“Monopoly Capital Theory and Stagflation: A Comment,” [PDF], Review of Radical Political Economics, vol. 17, nos. 1 and 2 (Spring and Summer 1985), pp. 221-25.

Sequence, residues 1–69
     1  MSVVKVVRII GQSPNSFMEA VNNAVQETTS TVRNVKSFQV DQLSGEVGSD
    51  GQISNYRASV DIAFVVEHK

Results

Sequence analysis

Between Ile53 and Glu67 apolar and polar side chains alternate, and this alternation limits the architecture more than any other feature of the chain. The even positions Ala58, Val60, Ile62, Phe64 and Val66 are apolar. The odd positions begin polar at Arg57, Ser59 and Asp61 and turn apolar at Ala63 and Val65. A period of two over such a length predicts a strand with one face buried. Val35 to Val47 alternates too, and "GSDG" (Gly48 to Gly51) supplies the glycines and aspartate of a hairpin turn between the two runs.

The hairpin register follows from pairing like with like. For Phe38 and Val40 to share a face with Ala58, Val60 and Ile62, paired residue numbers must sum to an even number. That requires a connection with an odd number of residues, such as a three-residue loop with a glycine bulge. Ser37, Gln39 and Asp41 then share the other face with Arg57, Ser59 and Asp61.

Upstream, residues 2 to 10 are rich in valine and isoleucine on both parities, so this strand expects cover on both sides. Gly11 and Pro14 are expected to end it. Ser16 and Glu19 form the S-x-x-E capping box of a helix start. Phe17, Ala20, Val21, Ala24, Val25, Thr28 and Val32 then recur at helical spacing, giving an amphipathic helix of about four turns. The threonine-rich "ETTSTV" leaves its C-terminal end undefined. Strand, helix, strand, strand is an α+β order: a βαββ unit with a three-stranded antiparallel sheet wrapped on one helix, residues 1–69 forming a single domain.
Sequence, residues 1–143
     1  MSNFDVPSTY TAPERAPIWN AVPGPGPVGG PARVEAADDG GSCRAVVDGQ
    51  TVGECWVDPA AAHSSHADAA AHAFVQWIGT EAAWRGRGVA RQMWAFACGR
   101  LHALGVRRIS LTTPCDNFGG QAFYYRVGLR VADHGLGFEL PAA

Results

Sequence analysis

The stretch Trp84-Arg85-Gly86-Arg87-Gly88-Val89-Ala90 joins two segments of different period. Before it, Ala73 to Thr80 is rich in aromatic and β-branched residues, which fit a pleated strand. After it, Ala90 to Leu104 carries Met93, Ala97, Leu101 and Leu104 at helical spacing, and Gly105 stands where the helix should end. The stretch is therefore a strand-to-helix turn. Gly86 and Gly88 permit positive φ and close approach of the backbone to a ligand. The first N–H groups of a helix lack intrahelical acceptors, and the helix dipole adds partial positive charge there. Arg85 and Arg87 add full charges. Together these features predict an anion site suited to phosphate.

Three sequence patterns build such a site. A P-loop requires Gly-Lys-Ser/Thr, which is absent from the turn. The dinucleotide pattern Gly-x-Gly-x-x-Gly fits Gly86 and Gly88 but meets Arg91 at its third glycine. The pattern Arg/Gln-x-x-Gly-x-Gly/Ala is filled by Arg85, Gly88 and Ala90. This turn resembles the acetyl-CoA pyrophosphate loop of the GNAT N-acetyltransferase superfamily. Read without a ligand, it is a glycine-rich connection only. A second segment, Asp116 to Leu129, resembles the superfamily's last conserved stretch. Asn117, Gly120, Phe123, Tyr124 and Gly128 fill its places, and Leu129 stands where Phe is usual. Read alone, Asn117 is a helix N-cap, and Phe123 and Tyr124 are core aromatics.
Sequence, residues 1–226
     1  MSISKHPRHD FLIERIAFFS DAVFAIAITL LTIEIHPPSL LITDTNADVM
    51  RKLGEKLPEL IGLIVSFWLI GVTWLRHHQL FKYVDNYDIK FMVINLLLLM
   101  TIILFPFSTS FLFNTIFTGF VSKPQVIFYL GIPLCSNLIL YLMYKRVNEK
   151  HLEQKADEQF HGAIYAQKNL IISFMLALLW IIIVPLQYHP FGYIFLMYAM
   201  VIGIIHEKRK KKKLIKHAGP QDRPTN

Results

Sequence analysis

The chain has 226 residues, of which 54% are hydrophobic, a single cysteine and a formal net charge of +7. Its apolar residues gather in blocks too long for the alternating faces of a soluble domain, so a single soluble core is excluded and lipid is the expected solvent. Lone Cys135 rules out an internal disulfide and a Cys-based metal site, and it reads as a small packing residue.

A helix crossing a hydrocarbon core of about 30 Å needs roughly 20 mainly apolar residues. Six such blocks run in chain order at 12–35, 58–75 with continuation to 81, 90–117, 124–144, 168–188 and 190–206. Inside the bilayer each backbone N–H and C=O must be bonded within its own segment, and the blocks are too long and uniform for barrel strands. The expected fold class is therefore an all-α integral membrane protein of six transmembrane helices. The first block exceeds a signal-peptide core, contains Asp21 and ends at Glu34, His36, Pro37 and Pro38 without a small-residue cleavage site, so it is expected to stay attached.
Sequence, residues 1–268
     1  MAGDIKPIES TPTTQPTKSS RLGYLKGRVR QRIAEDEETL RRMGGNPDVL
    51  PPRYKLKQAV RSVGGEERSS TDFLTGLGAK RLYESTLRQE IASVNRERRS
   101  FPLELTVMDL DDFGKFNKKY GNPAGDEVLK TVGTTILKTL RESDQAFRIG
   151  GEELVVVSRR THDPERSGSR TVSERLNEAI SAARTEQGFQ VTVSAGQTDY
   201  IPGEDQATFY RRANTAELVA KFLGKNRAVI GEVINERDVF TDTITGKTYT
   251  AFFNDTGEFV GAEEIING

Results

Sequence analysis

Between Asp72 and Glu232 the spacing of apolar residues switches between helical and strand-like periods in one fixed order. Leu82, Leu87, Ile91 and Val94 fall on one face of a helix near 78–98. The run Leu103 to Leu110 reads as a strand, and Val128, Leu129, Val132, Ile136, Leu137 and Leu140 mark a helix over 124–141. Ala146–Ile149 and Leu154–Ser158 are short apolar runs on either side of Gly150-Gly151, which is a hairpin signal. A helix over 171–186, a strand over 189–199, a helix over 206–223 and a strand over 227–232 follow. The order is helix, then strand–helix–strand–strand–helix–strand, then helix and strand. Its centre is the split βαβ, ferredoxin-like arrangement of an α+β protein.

In my view, David Kotz’s article, ‘Monopoly. Inflation and Economic Crisis” (Kotz 1982), provides a clear and, for the most part, internally consistent explanation of the inflationary features of monpolistic pricing in the context of long-term economic stagnation, and deserves to be recognized as a notable addition to Marxian analysis. But his claim of having constructed a “new theory” (1982: 7) demands critical comment of a fraternal kind for two reasons: (1) It downplays the extent to which Kotz’s argument merely expresses the main tendency of neo-Marxian monopoly capital theory, as previously developed by Michal Kalecki, Josef Steindl, Paul Baran, Paul Sweezy, Paolo Sylos-Labini and Howard Sherman, among others (see Foster and Szlajfer 1984); (2) Kotz’s own contribution is not diminished, but only enhanced, when seen in terms of his larger historical tradition.
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